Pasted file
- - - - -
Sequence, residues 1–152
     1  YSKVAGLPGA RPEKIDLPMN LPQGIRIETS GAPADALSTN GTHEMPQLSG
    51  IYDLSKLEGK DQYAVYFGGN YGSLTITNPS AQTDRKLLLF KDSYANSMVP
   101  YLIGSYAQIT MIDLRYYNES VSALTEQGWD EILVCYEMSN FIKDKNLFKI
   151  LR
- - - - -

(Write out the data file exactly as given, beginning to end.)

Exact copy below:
Sequence, residues 1–152
     1  YSKVAGLPGA RPEKIDLPMN LPQGIRIETS GAPADALSTN GTHEMPQLSG
    51  IYDLSKLEGK DQYAVYFGGN YGSLTITNPS AQTDRKLLLF KDSYANSMVP
   101  YLIGSYAQIT MIDLRYYNES VSALTEQGWD EILVCYEMSN FIKDKNLFKI
   151  LR